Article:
Yea… being at the school, getting greeted like that. I needed it. My kiddo obviously did too! Tons and tons of these “little things” have come our way since I decided to stay home, and not just for me. Brad works, but that mythical concept of quality family time? Believe!!!
Anyway… where was I?? Banana bread! That’s it. Good stuff! I can’t find my recipe posted in the archives, so here it is, the recipe my family used for many, many years in order to cope with having overly prosperous banana trees in the backyard:
1/2 cup butter
1 cup sugar
2 whole eggs, beaten
3 whole bananas, smushed
2 cups flour
1 tsp baking soda
1/4 cup minced nuts
1/4 cup chocolate chips
1/4 cup maraschino cherries
Cream together the butter and sugar. Add eggs and mix well. Add all other ingredients, mix well. Bake in two, medium sized, greased loaf pans at 325F for one hour.
So, what makes this recipe so good? Because it is so incredibly flexible! It tolerates ME, no matter how haphazard my cooking may be day to day. Don’t feel like putting the effort into warming the butter to room temperature so it creams properly with the sugar? That’s why we have microwaves! Are your eggs a bit puny? Add a third. Can’t wait for the bananas to get overly ripe? Go ahead and use them when they are bright yellow. Waited too long and half your bananas are too brown to use? Substitute some finely diced apples. When I was young we had trees with the small, fingerling bananas and we’d use 6 or 7 of those in the recipe, but changed it to 3 of the ‘regular’ sized bananas after leaving Florida. The recipe was still delicious. Nuts, chocolate, and cherries are also optional.
Today, I made this recipe with bananas and apple, no nuts, and instead of bread, I split the batter into two dozen muffins (used muffin papers). Baked at 375 for about 15-18 minutes. Mmm!
Since I was feeling so wild, carefree, and substitional… I went on to violate the vegetarian nature of Egyptian koshary. This (link) is a good basic recipe, but I tend to add more tomato sauce, garbanzo beans, and top with sauteed onions and garlic. Today, I also felt like meat. Not much meat, but for some reason, I felt that the tomato sauce HAD to have some ground beef in it. It turned out quite nicely.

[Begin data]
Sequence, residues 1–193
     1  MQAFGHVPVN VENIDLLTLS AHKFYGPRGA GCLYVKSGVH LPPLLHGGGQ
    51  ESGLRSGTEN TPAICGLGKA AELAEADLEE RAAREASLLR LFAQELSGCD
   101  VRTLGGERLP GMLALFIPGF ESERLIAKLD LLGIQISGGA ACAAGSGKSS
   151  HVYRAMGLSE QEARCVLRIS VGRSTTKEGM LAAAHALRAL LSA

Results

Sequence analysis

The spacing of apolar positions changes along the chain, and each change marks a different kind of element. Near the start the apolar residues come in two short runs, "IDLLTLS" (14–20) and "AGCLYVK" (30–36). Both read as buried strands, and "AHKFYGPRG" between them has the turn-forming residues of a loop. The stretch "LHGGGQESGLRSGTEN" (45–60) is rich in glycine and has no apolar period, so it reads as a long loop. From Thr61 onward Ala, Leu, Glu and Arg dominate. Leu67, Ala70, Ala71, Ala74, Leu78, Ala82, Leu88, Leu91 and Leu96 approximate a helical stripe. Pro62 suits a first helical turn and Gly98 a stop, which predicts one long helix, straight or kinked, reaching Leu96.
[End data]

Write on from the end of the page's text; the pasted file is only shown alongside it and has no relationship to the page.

Finally, the one recipe that I did NOT substitute with… well, I barely substituted, instead of raisins, I used a mix of raisins and sultanas, that hardly counts!… is this, Raisin Bread!!! I found the recipe on Cynthia’s Tastes Like Home blog. I enjoy reading her blog, then, bonus(!), you get to click over and read more at her actual recipe site. This recipe is still a work in progress tonight. The batter worked up nicely, the first rising went well, and it’s in the loaf pans, rising again, getting ready for the oven right now. I’ve never made raisin bread before and so far this has come along very well, and very easily!
Wednesday, October 13, 2010
They are LARGE, garish, block your vision and blind you at busy intersections. They blow in the wind, pull loose from their mooring, and dangle long ropes into traffic… but they are bright, cheerful, and make me think I should be celebrating.
If you look at the row of trees on the left, you can make out a line of signs, like every 15-20 feet, aaallll the way down the road.
It’s election time, and the signage is spectacular. No buildings draped with bunting, like in Cairo, but there’s plenty else flapping in the breeze, distracting drivers.
The circles and intersections are filled … never mind that these billboards block your view as you come into merge into traffic.
One sign that I haven’t caught yet is a general notice about the elections. It’s cute little cartoon voter. It, and many of the other signs actually, are filled with almost stern admonitions about how voting is your duty, a responsibility. Also, there are many comparisons to voting being equal to ones rights and freedom. Pretty neat really, (but hopefully these colorful traffic impediments will be down soon… I almost had a loose rope catch (hit) the front of my truck today.)
My friend Lydia of Here, There and Everywhere is hosting this week’s State Department Blog RoundUp and the following is her (optional theme):